As with previous weeks, there’ll be a talk following the meetup directly. This week’s talk is by Ahmed Aljbreen, General Manager of Saudi based digital and social marketing company, Smaat. Recently, Ahmed was in Silicon Valley for an extended period of time working on some partnerships for Smaat. During his time there, he also had the chance to visit and assess some of the world’s tech giants, such as Google, Facebook, Instagram, and more.

In this talk, Ahmed will talk about his experience working with Silicon Valley based companies, and the most important startup lessons he learned during his time there. The talk will be a great chance for startup founders to discuss with Ahmed some of the challenges they face here in the gulf, Silicon Valley culture, and whether the idea of moving to Silicon Valley is actually feasible or necessary for success. Pass by if you’re interested in knowing what it’s like to spend time working in Silicon Valley!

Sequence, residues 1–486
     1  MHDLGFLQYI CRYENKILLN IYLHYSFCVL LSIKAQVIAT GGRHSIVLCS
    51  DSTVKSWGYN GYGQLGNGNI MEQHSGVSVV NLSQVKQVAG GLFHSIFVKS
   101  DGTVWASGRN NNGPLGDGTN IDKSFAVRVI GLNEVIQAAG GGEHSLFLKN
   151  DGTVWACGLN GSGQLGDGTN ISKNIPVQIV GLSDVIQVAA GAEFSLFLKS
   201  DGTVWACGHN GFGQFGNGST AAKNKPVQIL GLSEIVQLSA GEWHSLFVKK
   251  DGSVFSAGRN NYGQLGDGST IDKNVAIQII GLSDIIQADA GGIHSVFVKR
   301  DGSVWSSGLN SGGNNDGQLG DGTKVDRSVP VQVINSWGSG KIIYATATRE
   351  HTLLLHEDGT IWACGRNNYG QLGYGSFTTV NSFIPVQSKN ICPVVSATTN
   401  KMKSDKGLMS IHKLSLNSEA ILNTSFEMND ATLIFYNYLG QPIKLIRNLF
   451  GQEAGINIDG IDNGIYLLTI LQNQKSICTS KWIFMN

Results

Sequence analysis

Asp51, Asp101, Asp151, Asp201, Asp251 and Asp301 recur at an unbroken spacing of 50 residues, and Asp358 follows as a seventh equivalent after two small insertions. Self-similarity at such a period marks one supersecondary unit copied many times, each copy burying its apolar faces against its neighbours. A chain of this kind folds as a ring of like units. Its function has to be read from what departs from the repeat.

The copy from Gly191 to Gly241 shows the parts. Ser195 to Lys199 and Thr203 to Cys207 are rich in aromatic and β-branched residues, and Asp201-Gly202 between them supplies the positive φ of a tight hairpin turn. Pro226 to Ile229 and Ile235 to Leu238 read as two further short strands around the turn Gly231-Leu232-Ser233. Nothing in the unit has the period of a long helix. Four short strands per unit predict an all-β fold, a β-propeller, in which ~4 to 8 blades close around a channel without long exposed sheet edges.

Details-

When: Wednesday, September 16th

Schedule:

7.15 pm- Startupq8 Coffee Meetup
8.00 pm- Ahmed Aljbreen
9.00 pm- Networking & Pizza

As always, this is an open invitation, and everyone is welcome!

Where: The VIVA Coded Academy at Al-Tijaria Tower- 35th Foor

Note: talk will be in Arabic

Announcing this week’s Coffee Meetup + Raspberry Pi Talk

Hi all,

For the third week running, we’re having our weekly Coffee Meetup at The VIVA Coded Academy. What happens at the weekly Coffee Meetup, you ask? It’s a casual get-together for local entrepreneurs and tech enthusiasts to meet, network, share ideas and collaborate over some good coffee.

As with previous weeks, there’ll be a talk following the meetup directly. This week’s talk is part of the Google Developers Group weekly talks. The subject this week is Raspberry Pi! (Yes, we used an exclamation mark because we’re excited!)

If you aren’t familiar with it, Raspberry Pi is a small sized computer that plugs into a monitor and enables people to explore computing and hardware programming. It’s a great tool for beginners as well!

If you’re interested in building hardware and want to learn how to program your creations, this talk is for you! Come learn the incredible things you can do with Raspberry Pi!

The talk will be given my Abdulrahman Alotaibi, who holds a degree in Computer and Electrical Engineering (with a minor in Computer Science), and has placed fourth in International Aerial Robotics Competition 2012.